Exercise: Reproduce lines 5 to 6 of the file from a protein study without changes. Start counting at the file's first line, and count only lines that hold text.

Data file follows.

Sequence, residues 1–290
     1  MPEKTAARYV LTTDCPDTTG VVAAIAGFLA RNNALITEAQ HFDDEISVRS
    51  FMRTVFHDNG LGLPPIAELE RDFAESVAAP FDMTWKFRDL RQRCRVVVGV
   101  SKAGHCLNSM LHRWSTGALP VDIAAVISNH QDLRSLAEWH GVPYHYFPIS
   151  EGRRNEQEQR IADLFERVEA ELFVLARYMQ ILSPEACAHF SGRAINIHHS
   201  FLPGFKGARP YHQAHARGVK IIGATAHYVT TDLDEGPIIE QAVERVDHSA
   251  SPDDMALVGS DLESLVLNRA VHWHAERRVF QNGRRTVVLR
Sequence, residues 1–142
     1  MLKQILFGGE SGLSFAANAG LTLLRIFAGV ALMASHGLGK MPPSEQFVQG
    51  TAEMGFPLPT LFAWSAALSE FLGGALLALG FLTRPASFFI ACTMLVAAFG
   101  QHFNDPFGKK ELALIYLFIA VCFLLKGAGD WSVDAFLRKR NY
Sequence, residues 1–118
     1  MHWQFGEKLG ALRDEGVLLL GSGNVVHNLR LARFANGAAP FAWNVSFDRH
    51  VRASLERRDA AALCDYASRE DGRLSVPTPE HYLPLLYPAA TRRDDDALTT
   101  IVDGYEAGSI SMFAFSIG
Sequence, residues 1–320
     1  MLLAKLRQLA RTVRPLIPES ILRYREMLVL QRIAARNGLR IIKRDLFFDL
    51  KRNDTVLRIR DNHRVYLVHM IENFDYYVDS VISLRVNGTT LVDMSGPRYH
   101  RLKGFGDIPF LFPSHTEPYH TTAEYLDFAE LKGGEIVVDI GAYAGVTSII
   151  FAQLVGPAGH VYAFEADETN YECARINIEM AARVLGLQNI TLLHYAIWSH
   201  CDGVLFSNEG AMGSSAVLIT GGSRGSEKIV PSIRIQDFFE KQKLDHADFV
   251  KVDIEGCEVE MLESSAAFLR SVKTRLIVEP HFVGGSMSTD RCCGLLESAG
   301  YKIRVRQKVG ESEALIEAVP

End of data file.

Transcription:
   151  EGRRNEQEQR IADLFERVEA ELFVLARYMQ ILSPEACAHF SGRAINIHHS
   201  FLPGFKGARP YHQAHARGVK IIGATAHYVT TDLDEGPIIE QAVERVDHSA